• G06F3/01Input arrangements or combined input and output arrangements for interaction between user and computer
    • G06F3/048Interaction techniques based on graphical user interfaces [GUI]
    • G06F3/0481Interaction techniques based on graphical user interfaces [GUI] based on specific properties of the displayed interaction object or a metaphor-based environment, e.g. interaction with desktop elements like windows or icons, or assisted by a cursor's changing behaviour or appearance
    • GPHYSICS
    • G09EDUCATION; CRYPTOGRAPHY; DISPLAY; ADVERTISING; SEALS
    • G09GARRANGEMENTS OR CIRCUITS FOR CONTROL OF INDICATING DEVICES USING STATIC MEANS TO PRESENT VARIABLE INFORMATION
    • G09G5/00Control arrangements or circuits for visual indicators common to cathode-ray tube indicators and other visual indicators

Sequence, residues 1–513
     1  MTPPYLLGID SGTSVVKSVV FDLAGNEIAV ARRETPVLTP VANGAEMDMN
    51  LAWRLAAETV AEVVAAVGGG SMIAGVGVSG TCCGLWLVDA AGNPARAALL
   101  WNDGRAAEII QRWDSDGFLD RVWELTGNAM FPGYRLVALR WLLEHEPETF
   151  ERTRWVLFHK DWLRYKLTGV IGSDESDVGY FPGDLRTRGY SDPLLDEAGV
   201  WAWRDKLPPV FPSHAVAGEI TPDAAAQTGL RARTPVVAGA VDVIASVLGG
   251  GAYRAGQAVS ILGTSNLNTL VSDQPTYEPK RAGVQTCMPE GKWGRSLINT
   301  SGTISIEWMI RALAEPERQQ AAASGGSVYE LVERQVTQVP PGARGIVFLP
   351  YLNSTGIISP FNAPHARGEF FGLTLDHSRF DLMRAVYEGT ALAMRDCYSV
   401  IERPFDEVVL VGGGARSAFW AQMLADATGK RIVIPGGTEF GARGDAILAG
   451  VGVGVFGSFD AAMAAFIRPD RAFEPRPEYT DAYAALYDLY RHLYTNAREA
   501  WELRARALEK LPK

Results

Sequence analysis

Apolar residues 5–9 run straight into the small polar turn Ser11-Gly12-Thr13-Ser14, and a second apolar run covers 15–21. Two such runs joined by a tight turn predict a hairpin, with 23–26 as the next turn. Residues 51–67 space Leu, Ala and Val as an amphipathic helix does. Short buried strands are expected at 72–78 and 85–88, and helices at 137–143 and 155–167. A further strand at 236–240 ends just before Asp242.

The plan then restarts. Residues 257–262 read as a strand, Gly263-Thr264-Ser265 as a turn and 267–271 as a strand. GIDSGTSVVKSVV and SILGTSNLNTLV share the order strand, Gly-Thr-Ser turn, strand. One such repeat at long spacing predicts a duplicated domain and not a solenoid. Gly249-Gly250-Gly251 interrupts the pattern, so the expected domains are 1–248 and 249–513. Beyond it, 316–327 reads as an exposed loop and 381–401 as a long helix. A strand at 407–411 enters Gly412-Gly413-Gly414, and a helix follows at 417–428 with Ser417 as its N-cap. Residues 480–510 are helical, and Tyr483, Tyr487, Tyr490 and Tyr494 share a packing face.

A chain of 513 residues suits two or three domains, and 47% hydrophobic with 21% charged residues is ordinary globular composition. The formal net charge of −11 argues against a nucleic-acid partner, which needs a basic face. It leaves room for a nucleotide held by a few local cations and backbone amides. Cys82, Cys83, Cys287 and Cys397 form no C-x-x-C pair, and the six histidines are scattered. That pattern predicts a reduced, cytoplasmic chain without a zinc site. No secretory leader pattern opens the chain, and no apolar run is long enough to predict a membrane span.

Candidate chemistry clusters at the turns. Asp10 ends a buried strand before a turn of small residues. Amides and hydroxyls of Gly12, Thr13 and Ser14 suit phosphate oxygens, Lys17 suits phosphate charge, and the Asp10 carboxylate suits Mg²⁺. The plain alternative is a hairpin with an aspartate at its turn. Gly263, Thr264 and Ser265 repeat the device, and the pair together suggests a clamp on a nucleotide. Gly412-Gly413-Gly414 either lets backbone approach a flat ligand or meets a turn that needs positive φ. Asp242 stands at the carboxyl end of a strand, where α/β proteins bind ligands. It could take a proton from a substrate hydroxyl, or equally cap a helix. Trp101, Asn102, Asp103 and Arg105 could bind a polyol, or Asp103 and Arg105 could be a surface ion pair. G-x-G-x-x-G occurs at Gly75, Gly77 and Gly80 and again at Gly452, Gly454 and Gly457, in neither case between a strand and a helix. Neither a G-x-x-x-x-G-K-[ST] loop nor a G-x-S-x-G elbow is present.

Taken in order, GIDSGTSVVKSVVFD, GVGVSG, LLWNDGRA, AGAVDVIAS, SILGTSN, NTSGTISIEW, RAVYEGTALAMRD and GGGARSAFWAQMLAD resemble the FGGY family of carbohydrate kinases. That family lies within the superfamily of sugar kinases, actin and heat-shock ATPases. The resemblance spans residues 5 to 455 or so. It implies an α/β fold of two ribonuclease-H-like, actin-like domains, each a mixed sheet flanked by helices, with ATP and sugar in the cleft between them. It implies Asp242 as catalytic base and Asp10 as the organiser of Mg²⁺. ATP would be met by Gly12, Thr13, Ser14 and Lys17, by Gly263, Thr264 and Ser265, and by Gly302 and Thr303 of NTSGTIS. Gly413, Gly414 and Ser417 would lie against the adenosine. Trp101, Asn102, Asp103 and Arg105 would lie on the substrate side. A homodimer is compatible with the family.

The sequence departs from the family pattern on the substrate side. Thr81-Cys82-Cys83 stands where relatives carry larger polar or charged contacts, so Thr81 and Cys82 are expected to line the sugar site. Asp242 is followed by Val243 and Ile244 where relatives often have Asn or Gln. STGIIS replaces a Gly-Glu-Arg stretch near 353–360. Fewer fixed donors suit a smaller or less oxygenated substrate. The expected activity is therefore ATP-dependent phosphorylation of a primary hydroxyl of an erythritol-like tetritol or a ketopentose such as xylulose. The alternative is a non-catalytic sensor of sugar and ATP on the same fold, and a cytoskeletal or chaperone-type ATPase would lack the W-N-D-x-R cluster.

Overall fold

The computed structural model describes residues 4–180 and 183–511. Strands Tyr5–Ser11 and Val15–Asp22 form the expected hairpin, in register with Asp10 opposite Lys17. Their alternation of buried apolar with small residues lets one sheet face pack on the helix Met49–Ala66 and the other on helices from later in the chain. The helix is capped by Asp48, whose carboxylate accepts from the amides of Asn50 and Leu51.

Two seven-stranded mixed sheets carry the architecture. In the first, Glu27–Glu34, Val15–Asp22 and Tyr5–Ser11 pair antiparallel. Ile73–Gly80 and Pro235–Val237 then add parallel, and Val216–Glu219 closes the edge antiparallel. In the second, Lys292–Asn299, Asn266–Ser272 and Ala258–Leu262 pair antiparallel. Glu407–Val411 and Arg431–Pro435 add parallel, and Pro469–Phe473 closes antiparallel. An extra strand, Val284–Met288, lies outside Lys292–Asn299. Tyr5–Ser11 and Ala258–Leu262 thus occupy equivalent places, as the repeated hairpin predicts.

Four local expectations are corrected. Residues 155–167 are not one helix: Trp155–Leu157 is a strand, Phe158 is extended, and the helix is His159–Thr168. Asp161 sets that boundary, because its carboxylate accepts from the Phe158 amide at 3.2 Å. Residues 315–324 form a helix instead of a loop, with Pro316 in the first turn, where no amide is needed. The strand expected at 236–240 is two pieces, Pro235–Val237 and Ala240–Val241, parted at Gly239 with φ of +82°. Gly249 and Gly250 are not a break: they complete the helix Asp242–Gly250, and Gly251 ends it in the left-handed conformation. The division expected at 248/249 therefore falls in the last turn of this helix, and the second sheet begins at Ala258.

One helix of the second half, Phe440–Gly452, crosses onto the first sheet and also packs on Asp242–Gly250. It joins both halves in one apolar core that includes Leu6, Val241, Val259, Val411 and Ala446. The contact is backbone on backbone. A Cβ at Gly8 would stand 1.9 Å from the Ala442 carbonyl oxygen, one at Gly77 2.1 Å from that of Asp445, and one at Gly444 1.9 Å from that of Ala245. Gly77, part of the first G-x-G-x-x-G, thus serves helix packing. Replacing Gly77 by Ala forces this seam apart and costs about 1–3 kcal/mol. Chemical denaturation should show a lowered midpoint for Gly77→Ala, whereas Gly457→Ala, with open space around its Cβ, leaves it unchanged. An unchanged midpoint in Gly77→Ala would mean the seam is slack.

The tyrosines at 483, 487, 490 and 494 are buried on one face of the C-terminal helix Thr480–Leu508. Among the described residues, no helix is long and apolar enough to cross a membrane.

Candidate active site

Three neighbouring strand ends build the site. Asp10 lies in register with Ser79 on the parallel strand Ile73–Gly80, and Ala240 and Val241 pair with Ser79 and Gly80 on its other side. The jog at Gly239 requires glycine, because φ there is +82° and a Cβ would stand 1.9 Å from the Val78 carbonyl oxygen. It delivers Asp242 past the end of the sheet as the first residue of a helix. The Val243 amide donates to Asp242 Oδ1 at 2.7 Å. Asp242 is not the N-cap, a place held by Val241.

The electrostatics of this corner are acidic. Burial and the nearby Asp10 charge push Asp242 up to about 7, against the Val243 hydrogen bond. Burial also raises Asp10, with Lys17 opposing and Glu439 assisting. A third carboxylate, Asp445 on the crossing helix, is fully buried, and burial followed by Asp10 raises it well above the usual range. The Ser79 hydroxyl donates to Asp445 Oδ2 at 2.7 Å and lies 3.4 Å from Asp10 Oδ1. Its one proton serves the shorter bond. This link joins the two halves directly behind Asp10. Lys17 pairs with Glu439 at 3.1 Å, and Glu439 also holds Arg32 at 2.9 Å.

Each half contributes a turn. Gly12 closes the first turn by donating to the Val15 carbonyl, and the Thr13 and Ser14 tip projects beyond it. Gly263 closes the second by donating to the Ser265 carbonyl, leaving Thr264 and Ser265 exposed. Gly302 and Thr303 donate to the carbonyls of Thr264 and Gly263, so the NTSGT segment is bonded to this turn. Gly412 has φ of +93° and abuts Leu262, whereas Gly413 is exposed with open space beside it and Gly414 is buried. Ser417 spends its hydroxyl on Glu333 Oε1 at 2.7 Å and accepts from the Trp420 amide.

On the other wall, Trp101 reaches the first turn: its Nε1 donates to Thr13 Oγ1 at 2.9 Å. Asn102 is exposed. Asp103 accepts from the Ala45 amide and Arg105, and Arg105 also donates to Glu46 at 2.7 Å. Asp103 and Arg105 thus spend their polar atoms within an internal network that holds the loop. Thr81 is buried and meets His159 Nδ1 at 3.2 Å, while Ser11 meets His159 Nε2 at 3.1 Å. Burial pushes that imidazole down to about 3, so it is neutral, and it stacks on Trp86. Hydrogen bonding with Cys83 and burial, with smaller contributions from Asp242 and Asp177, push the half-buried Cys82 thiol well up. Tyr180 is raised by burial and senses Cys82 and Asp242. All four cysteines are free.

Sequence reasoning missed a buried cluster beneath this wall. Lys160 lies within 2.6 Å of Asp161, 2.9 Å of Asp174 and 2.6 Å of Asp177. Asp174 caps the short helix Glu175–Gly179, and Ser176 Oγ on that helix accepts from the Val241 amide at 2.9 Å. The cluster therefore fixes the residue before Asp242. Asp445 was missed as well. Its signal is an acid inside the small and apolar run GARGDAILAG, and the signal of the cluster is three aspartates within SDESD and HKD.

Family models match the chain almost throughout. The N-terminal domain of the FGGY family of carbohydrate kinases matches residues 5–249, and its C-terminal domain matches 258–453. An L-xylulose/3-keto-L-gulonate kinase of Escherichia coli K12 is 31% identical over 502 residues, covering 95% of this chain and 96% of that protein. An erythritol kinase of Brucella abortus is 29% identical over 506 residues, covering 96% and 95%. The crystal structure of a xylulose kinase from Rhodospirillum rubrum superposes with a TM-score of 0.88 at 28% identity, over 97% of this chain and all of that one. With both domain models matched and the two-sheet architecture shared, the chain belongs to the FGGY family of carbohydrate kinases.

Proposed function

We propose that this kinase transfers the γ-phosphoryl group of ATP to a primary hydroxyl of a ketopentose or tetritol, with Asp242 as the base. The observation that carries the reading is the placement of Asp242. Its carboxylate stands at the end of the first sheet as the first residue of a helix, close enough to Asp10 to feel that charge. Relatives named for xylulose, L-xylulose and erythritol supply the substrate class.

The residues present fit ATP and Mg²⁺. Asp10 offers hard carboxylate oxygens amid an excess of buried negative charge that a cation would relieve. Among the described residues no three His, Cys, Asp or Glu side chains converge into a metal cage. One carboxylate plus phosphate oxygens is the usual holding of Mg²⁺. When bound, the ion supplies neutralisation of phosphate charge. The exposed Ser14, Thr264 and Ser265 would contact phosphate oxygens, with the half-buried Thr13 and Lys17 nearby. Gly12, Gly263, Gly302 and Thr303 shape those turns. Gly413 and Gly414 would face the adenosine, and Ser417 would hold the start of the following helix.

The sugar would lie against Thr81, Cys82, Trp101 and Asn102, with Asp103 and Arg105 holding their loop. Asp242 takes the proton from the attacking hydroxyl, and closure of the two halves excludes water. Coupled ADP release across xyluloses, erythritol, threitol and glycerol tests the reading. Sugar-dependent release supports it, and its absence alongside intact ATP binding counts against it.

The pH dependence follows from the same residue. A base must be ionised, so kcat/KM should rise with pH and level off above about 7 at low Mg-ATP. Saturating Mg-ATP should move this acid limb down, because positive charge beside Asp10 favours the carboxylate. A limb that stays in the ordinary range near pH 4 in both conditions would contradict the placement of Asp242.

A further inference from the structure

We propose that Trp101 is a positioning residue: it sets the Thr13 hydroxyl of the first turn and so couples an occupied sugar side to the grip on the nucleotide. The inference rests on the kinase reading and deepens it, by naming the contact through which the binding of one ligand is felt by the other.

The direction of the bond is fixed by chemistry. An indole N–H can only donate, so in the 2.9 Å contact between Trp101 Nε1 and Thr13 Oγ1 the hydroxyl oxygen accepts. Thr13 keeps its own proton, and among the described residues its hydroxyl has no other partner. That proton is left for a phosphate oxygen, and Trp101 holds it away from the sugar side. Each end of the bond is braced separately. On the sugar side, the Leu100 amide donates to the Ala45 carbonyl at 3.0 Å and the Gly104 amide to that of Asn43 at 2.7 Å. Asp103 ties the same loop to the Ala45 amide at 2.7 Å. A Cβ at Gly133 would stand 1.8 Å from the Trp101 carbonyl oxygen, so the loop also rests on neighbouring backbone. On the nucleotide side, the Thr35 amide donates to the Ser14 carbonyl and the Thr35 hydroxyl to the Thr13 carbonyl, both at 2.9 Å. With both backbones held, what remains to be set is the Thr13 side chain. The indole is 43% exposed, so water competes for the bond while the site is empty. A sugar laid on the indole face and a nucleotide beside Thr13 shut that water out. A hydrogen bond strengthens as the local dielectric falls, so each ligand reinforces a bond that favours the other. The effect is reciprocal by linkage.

• G09G5/02Control arrangements or circuits for visual indicators common to cathode-ray tube indicators and other visual indicators characterised by the way in which colour is displayed
    • G09G5/026Control of mixing and/or overlay of colours in general
    • GPHYSICS
    • G06COMPUTING; CALCULATING; COUNTING
    • G06FELECTRIC DIGITAL DATA PROCESSING
    • G06F2203/00Indexing scheme relating to G06F3/00 - G06F3/048
    • G06F2203/048Indexing scheme relating to G06F3/048
    • G06F2203/04804Transparency, e.g. transparent or translucent windows

Abstract